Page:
Cancer Hates Kisses
Through all the stages of treatment—surgery, chemotherapy, radiation, losing her hair—Jessica Reid Sliwerski thought about how hard it would be to talk to your child about cancer while coping with it. She wrote this picture book to give other parents and their children an encouraging tool for having those conversations.
David’s World: A Picture Book about Living with Autism
David is a boy with autism. The book’s striking narration—told from the point of view of David’s brother—will help siblings and friends of autistic children better relate to them. This is a must for any home with children with autism and for classrooms that include mainstreamed special-needs kids.
What Do You Do With A Problem?
What Do You Do With a Problem? is a story for anyone, at any age, who has ever had a problem that they wished would go away. It’s a story to inspire you to look closely at that problem and to find out why it’s here. Because you might discover something amazing about your problem… and yourself. This is the story of a persistent problem and the child who isn’t so sure what to make of it. The longer the problem is avoided, the bigger it seems to get. But when the child finally musters up the courage to face it, the problem turns out to be something quite different than it appeared.
Resource Books for Parents and Educators
The Invisible String Workbook
This is a must have companion to the book called The Invisible String. It includes more than 50 art and writing activities (plus bonus reflection cards!) to help build self-esteem and healthy relationships, and to celebrate the power of love.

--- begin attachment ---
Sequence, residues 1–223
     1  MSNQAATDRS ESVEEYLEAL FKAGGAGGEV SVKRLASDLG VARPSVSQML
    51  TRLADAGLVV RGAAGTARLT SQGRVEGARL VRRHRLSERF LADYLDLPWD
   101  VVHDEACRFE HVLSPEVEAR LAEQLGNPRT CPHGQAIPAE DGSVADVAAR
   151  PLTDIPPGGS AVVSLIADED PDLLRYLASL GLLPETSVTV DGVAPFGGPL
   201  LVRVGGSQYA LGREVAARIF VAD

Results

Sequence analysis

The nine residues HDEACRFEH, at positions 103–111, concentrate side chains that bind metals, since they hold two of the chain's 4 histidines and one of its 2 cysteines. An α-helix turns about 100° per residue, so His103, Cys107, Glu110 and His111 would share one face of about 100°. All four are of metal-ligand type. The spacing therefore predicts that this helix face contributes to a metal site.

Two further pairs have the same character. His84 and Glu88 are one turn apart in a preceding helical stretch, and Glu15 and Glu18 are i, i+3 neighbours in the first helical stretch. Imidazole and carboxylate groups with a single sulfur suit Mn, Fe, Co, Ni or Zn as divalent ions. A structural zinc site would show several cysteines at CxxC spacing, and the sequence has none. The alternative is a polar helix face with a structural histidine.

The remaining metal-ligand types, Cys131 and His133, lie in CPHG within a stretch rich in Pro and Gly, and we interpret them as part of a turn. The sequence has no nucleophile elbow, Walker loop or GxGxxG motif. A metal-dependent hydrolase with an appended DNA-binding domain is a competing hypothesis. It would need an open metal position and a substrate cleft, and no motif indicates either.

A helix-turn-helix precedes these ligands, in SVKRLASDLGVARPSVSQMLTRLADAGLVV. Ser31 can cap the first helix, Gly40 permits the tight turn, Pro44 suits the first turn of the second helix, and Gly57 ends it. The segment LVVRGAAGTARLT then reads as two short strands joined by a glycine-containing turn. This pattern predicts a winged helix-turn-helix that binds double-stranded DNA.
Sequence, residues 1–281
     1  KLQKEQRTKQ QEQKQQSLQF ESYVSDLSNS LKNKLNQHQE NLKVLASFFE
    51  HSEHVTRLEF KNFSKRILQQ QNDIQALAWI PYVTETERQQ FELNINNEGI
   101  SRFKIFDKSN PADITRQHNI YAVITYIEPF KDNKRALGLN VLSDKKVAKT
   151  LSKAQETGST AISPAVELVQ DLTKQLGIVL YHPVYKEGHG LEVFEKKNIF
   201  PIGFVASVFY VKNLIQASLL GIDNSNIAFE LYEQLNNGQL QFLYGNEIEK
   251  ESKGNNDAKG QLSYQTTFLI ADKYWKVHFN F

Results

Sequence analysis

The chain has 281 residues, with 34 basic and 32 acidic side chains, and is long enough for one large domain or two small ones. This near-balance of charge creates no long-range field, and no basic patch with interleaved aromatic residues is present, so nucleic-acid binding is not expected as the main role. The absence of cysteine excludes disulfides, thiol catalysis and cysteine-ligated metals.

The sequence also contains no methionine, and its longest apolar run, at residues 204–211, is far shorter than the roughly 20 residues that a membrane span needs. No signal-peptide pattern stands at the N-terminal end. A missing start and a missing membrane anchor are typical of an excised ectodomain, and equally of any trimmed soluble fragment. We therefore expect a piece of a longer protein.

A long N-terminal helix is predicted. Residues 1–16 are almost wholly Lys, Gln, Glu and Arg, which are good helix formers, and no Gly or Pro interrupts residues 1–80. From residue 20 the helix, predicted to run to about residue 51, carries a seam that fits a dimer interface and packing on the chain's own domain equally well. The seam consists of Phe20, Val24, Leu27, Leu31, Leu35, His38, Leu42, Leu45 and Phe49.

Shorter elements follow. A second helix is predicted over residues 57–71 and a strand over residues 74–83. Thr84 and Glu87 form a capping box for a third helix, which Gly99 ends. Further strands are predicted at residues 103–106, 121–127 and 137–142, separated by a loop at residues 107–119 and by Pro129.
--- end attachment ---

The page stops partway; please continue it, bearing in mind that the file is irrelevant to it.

Childhood Loss and Grief: Guidelines for Educators and Professionals
With a focus on death, divorce, and childhood illness, Dr. Merenda discusses several factors that influence children’s grief, such as the type of loss experienced, gender, chronological age, and developmental stage.
The Memory Book
The Memory Book helps grieving families process their emotions together by remembering their lost loved one and creating their own memory album full of photos and keepsakes of the person they lost.
My Hear Hurts
My Heart Hurts is a workbook for children and teens who have experienced the death of someone whom they love and who is important to them. My Heart Hurts can help a grieving child begin to process the loss of anyone who was important to them, as well as guide adults as to how to begin a dialogue about loss and grief with a grieving child.
Creative Interventions for Children of Divorce
An innovative collection of therapeutic games, art techniques, and stories to help children of divorce express feelings, deal with loyalty binds, disengage from parental conflict, address anger and self-blame, and learn coping strategies. Includes a theoretical overview for practitioners, a sample treatment plan, and a reproducible handout to give parents.
In this modern-day fable, a woman who has suffered a terrible loss cooks up a special batch of “tear soup,” blending the unique ingredients of her life into the grief process. Along the way she dispenses a recipe of sound advice for people who are in mourning.
Creative Interventions for Bereaved Children
A uniquely creative compilation of activities to help bereaved children express feelings of grief, diffuse traumatic reminders, address self-blame, commemorate the deceased, and learn coping strategies. Includes special activities for children dealing with the suicide or murder of a loved one.
Children can experience short- and long-term negative consequences when their parents divorce. They are still growing and maturing, so every aspect of their lives, from school life to sleeping, tends to be affected. Read more by clicking the link above.